JERUSALEM (Reuters) - Embarrassed at failing to predict Prime Minister Benjamin Netanyahu’s election victory, Israeli pollsters said on Wednesday they were blindsided by reticent rightist voters and may have unwittingly prodded waverers to back the incumbent.
Netanyahu’s Likud won 30 of parliament’s 120 seats in Tuesday’s ballot, against 24 for the center-left Zionist Union - upsetting opinion surveys that as recently as Friday gave the challenger a four-seat lead.
Exit polls also proved unreliable. Israel’s top three television stations, airing first returns as voting booths closed, found the parties close or tied. Had that been borne out, either could have potentially headed the next government.
Instead, during overnight counting, Likud’s tally went from 27 seats to 30 and the Zionist Union’s from 27 to 24.
Grilled on the discrepancy, Channel 2 TV’s veteran pollster Mina Tzemach said many Likud voters declined to take part in replicating their vote in the dummy ballot boxes set up by survey-taking companies outside voting stations.
Even though exit polls are anonymous, she suggested such reticence might have cultural roots for Israelis originally from countries with different political regimes in which they worry about sharing their private voting choices.
“In certain voting stations, voting stations in places where there are a lot of new immigrants, pro-Likud ballot boxes, the percent of those who voted (in the exit polls) was especially low,” Tzemach told Israel’s Army Radio.
Fellow survey-taker Camil Fuchs agreed, saying final counts from voting stations he had monitored showed that a significant number of Likud supporters had not participated in exit polls.
If they did participate, they may also not have been honest about the way they voted and as exit polls close earlier than the real polls, a last-minute surge in Likud votes, in response to a call from Netanyahu, may have been missed, he said.
“Some people don’t say (in exit polls) what they really voted, and the exit polls close about two hours before the voting booths,” Fuchs told Israel Radio.
Israeli election forecasts have been wrong before - in 1981, when the Likud narrowly won; in 1992 about the return to left-wing Labor party rule; and in 1996, when Netanyahu toppled Labor incumbent Shimon Peres for his first term in office.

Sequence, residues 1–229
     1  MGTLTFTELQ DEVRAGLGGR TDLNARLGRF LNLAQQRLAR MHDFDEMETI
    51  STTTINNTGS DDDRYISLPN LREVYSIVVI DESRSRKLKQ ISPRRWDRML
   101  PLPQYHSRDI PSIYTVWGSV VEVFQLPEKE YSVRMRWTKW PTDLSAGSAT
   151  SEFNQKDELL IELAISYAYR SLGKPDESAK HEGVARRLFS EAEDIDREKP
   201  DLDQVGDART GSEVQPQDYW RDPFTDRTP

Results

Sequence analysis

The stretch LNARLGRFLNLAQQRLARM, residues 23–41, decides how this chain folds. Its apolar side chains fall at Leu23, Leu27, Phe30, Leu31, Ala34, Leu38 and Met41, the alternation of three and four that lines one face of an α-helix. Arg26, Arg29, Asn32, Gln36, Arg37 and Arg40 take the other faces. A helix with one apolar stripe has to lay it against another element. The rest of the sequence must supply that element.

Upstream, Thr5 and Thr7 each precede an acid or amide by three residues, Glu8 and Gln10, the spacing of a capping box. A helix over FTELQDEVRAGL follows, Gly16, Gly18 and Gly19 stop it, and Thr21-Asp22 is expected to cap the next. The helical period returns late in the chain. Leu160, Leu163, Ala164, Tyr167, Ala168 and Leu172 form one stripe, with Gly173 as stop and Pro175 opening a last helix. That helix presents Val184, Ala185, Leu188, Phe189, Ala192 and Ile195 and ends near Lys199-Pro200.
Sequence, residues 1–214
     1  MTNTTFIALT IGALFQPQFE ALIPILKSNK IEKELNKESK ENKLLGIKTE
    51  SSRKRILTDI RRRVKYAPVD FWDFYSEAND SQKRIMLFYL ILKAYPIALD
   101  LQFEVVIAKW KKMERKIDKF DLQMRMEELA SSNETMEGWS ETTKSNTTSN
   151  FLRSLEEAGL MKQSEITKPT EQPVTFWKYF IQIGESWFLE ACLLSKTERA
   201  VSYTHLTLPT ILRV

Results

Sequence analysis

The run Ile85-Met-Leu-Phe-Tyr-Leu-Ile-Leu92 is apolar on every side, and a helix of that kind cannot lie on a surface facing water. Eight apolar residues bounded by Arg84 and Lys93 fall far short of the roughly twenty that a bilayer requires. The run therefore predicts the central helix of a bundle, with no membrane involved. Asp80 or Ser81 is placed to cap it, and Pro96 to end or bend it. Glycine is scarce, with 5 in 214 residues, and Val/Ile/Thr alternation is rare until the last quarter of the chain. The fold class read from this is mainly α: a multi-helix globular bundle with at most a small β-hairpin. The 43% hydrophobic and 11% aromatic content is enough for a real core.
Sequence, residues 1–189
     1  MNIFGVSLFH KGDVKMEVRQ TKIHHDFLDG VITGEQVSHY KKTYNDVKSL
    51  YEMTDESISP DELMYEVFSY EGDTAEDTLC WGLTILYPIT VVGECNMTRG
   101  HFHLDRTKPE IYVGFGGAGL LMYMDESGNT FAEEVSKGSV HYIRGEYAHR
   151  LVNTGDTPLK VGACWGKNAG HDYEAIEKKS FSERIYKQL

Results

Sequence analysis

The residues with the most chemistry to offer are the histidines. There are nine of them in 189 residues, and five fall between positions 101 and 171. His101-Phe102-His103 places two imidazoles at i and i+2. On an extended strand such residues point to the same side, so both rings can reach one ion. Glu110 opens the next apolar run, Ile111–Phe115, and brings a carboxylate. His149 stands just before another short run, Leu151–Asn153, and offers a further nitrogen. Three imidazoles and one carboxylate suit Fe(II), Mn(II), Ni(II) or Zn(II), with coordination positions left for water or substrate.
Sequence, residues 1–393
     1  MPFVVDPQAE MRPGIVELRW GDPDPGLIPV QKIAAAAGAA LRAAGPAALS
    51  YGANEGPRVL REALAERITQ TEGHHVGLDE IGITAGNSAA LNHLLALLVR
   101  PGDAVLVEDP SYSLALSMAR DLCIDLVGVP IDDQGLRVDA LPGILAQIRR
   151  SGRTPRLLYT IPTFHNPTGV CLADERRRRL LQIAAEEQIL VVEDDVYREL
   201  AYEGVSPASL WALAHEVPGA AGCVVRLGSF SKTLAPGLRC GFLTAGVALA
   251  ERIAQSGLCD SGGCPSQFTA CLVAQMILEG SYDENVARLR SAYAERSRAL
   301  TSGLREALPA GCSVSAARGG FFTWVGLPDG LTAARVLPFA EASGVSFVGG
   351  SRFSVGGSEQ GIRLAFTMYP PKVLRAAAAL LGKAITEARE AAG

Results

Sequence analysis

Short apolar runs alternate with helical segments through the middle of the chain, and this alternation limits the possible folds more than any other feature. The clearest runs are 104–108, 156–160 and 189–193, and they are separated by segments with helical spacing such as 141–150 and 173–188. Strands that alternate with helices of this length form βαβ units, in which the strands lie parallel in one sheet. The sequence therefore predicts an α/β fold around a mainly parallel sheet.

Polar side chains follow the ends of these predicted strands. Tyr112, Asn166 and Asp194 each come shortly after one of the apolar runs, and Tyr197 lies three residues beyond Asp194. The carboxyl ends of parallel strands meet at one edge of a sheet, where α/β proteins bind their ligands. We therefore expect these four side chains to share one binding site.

Recent reliance on Internet-based studies has thrown another spanner in the works, according to Avi Degani, an Israeli pollster who says he conducted telephone surveys exclusively. Since last month, he has been the only one consistently predicting a victory for Netanyahu.
Degani said Web-based “panels,” made up of tens of thousands of pre-selected respondents, rarely reflect Israeli society accurately as they favor the tech-savvy, educated and urbane.
“The Internet does not represent the State of Israel or the people of Israel. (It is) biased strongly toward Tel Aviv,” Degani told reporters in a conference call arranged by the Israel Project advocacy group, referring to Israel’s second largest city and financial capital.
“People who are in the periphery ... and have a stronger tendency to vote Likud are, I think, very poorly represented.”
In separate remarks to Reuters, Degani said Israeli pollsters were always bedevilled by some 30 percent of citizens whose votes are unknowable - either because they waver until the last minute or end up backing fringe parties that do not muster enough support to enter parliament and are nixed from the tally.
“We are talking about 20 parliament seats that could go either way. It is almost impossible to tackle statistically.”
Still, Degani said he anticipated Netanyahu’s win by finding that at least half of wavering voters would choose Likud, adding that some of those respondents viewed themselves as rallying against Zionist Union’s strong showing in opinion polls.
“It is a highly emotional matter in Israel, and the Likud had the added advantage of being the last party, with the possible exception of (liberal) Meretz, of having a defined ideology. The rest are just about personalities,” Degani said.
Writing by Dan Williams; editing by Anna Willard